Fagan's study in Harris County found that capital-eligible crimes grew in Houston from 1990 on during the same period that executions were on the rise, but non-capital murders declined.
"A good, efficient criminal legal regime that finds offenders once they commit crimes, calls them to account and punishes them proportionately and appropriately will keep crime rates in check," Fagan said. "You gain nothing by putting execution on top of that."
New York Law School professor and death penalty advocate Robert Blecker said executions are a "marginally effective deterrent." Blecker said the main reason to have the death penalty is to give justice to the murder victims.
"It would be nice if it was a more effective deterrent," Blecker said. "The issue for me is justice."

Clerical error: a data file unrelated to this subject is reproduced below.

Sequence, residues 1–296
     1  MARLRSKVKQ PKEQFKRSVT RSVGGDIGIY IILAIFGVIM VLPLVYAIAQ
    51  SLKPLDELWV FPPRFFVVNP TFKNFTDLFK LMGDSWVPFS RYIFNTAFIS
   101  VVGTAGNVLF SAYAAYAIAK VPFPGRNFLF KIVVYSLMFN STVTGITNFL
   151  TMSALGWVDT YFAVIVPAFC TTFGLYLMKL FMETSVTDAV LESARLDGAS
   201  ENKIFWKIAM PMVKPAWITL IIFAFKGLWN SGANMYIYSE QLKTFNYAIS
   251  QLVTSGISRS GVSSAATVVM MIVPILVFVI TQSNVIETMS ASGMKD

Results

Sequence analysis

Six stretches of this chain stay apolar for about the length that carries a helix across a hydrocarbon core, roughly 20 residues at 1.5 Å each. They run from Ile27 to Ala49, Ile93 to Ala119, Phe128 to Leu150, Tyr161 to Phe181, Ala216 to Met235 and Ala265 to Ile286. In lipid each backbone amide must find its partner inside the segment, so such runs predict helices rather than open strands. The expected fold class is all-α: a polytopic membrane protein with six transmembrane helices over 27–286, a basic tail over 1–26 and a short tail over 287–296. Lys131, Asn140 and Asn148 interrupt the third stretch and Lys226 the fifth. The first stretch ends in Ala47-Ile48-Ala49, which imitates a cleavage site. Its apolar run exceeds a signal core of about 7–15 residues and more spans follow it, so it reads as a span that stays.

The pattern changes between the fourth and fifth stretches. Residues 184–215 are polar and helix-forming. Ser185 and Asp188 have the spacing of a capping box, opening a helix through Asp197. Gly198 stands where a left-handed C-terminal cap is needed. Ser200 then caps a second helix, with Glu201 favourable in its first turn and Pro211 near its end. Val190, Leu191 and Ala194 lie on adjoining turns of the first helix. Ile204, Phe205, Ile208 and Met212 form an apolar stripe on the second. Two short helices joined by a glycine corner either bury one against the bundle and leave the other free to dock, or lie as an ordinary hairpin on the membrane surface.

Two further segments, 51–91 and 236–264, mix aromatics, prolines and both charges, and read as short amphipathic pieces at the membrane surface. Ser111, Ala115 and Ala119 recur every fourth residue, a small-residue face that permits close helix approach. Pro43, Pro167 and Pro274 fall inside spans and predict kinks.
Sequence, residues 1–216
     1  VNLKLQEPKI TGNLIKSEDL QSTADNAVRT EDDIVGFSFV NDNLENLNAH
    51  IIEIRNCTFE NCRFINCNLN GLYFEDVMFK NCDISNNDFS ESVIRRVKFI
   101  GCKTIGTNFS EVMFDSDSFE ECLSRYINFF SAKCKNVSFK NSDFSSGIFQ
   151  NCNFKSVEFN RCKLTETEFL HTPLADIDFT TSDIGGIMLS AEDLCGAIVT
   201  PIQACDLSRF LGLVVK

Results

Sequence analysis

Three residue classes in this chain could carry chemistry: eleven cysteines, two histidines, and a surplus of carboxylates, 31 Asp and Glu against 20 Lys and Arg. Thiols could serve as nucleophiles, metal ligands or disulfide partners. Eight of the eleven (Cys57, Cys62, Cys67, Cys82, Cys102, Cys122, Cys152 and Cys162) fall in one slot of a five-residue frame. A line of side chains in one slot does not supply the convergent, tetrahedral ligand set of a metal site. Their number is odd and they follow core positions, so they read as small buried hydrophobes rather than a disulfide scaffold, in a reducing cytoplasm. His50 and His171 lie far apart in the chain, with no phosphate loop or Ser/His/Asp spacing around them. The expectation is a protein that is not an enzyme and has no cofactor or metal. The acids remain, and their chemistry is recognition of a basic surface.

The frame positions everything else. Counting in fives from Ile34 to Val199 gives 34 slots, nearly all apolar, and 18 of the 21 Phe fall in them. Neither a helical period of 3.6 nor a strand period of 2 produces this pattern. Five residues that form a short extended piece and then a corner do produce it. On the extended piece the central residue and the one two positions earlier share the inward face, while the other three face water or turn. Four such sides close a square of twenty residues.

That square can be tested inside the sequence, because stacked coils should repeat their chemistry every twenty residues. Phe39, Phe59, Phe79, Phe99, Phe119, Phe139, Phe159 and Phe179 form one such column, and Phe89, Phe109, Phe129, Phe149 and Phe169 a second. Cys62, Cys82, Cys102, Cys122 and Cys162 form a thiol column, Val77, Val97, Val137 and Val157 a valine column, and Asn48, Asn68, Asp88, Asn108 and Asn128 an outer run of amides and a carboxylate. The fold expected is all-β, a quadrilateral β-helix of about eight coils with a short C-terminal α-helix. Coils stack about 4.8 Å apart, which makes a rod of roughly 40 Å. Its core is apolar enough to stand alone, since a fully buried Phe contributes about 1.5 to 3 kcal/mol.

The Supreme Court is expected to decide the lethal injection issue by next June. At most, the states are expecting to have to do nothing more than change the set of chemicals used in lethal injection before the executions begin again.
For death row inmate Cannon — whose eyes were opened by the Brooks execution — time ran out a decade ago.
Because he was a former drug user, prison officials had trouble finding a vein for the injection. The needle popped out once, spewing fluids onto the gurney before it was reinserted.
Cannon had been 17 when he murdered his lawyer's sister. At age 38, he apologized to her children before he died.
"I am sorry for what I did to your mom. It isn't because I'm going to die. All my life I have been locked up, I could never forgive what I done," Cannon said. "Thank you, God. All right."
Then he was executed.